This life I live in my head. It exhausts me.


Pixie Dust

We tend to relegate J.K. Rowling, Tolkien, C.S. Lewis and Lewis Carroll to the children’s section of the library, and of our lives. The fantastical worlds they create, and the mythical creatures they populate them with, are looked on with increasing skepticism as our own lives become increasingly real. Willing suspension of disbelief seems to be a concept limited to childhood, when our own lives were lived mostly in our minds. When your plastic barbies can have tea parties and your tiny railway track actually goes places, its easy to humor fancies of Narnia and the Cheshire cat. But once even your dreams are taken over by mortgages and job applications, and real life looms in empty corners, threatening to overwhelm you when you’re not paying attention, there is no room left for flights of imagination.

I was wondering today, however, that most of what we adults (and I use that term loosely when applied to myself) hold dearest in life, and believe in emphatically, are no more than mere illusions. The idea of soulmates, a job that interests you and pays the bills, enjoying life after retirement, are all just ideas. There are people who have these things, but I am not one of them.  Still I go on believing in all of them, and like a tiny cartoon in a video game, I’m steering my car desperately so that I can collect all these little treasures along the way. They might not be on the screen right now, but I know that they will be there eventually. They must, because I believe in them. Its the eternal Tinkerbell conundrum: can something ever be real unless you believe in it? Also stated as: if you stop believing, even the realest of little fairies will die.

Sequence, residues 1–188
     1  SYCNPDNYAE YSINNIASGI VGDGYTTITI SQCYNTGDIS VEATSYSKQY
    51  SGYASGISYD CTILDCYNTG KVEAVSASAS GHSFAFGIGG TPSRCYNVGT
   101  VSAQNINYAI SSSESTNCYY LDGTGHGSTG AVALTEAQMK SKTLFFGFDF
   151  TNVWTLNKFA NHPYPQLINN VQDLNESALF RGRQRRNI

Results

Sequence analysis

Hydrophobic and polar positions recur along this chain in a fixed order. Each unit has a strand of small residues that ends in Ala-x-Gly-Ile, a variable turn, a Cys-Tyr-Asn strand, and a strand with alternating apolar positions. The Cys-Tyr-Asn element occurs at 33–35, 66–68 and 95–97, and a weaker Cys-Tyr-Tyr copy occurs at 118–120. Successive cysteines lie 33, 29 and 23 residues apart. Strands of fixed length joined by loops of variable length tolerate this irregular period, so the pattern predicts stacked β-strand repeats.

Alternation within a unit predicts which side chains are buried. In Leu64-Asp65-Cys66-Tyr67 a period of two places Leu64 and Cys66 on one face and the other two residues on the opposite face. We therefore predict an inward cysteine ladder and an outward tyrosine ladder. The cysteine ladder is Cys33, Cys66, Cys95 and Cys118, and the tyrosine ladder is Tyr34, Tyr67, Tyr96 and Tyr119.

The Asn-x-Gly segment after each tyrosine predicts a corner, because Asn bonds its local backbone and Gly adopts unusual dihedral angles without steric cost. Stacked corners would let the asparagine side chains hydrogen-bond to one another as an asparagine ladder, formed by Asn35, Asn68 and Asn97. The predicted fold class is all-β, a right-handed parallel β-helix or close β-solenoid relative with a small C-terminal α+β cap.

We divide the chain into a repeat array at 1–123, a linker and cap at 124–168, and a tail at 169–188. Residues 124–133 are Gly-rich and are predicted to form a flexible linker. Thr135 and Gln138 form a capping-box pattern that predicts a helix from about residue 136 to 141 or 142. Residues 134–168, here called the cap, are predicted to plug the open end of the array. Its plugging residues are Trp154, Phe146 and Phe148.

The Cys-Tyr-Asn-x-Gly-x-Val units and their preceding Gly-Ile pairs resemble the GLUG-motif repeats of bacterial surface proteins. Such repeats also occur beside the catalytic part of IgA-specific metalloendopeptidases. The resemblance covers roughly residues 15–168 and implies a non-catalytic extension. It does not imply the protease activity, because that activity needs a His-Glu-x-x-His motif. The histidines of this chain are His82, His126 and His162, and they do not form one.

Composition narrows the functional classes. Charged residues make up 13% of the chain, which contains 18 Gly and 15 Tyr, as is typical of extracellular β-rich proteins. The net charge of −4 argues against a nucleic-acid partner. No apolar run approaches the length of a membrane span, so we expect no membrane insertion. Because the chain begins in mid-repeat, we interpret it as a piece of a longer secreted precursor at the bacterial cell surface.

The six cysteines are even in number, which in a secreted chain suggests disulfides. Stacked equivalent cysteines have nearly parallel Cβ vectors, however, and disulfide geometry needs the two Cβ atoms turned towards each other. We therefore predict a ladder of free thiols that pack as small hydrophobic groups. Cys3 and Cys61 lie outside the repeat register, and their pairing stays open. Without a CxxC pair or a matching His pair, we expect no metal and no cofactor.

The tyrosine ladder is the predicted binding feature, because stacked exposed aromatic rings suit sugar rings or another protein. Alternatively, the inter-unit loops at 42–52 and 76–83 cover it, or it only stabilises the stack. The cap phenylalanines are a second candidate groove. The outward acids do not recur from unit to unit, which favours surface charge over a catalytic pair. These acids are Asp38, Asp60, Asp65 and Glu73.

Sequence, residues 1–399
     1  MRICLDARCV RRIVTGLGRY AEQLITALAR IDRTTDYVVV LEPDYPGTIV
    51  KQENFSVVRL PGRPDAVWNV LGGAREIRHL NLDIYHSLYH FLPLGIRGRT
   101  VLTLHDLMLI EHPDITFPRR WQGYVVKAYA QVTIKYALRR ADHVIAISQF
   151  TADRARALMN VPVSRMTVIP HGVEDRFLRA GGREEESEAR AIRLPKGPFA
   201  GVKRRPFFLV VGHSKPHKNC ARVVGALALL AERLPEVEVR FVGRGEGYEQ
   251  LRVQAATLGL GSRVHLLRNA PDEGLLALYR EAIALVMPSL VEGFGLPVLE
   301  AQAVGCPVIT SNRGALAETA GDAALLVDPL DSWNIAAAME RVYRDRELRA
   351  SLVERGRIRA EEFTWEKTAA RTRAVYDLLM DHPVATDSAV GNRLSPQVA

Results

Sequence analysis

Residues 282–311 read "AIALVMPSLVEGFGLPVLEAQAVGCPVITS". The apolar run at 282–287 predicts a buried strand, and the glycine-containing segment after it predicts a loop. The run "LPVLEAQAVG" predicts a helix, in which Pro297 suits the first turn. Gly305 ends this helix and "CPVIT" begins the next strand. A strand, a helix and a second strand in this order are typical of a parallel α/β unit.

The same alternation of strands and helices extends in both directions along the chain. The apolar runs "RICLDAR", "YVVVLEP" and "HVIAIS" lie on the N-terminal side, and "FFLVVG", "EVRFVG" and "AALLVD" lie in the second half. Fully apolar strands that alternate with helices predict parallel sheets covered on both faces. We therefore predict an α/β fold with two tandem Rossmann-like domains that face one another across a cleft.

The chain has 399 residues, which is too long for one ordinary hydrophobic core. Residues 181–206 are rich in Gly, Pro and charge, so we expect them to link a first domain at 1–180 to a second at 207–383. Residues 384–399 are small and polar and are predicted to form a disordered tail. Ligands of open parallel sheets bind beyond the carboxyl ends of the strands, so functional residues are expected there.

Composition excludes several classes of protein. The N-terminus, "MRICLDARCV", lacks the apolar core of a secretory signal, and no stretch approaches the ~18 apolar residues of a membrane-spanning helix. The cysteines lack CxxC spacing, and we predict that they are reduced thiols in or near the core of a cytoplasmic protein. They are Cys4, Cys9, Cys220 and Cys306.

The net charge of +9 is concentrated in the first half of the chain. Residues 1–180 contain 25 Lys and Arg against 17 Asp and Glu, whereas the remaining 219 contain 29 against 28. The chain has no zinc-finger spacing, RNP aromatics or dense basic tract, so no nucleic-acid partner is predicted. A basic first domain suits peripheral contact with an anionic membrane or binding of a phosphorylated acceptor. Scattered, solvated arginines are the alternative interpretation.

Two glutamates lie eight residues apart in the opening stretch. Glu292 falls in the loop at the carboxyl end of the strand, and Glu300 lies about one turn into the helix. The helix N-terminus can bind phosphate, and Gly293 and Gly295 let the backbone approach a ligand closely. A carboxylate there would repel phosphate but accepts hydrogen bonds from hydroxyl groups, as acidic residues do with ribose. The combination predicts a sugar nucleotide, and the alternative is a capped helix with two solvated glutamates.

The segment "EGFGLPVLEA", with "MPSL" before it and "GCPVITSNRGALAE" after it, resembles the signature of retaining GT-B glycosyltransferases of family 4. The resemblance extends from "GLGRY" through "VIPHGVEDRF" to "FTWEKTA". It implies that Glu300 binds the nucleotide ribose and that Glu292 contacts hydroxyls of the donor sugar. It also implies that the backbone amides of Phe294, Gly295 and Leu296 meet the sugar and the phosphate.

My favorite book growing up was Peter Pan. And again, growing up is a term I use loosely, as at 22 and 5 feet 8, I have certainly grown older and up literally, but figuratively I have not made a dent in my life. Which explains why, in hindsight, I loved James Barrie’s world so much, feeling kinship with the boy who never grew up. The most magical thing about books is that occasionally someone expresses an emotion or an idea you felt you were grappling with alone, and in that moment, in spite of the fact that you have absolutely no idea who the writer is, you know a part of their soul. In that moment, you are no longer alone in your thoughts and feelings. It is the most visceral of connections.

James Barrie died half a century before I was ever born. Unless I manage to wrestle my way into heaven (another one of my blind beliefs, a raison d’etre for this bloodbath called the modern world) and James Barrie happens to be there and available for a chat, I will never meet him. In this life, I have made no attempts to know him personally; I have diligently and deliberately avoided all biographies and movies and plays, which is no mean feat considering how tempting Johnny Depp can be. I feel no need to investigate his life and circumstances, I know him well enough. I read a book he wrote, and felt the terrible tragedy and incredible hopefulness of it. That is how I know him. And I know him well enough.